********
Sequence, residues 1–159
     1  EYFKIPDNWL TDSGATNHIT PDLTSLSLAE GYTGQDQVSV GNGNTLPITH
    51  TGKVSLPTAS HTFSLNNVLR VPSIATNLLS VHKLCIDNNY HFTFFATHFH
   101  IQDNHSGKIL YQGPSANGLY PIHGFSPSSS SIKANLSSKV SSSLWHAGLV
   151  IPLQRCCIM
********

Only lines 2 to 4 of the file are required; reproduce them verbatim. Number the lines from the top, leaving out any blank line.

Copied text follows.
     1  EYFKIPDNWL TDSGATNHIT PDLTSLSLAE GYTGQDQVSV GNGNTLPITH
    51  TGKVSLPTAS HTFSLNNVLR VPSIATNLLS VHKLCIDNNY HFTFFATHFH
   101  IQDNHSGKIL YQGPSANGLY PIHGFSPSSS SIKANLSSKV SSSLWHAGLV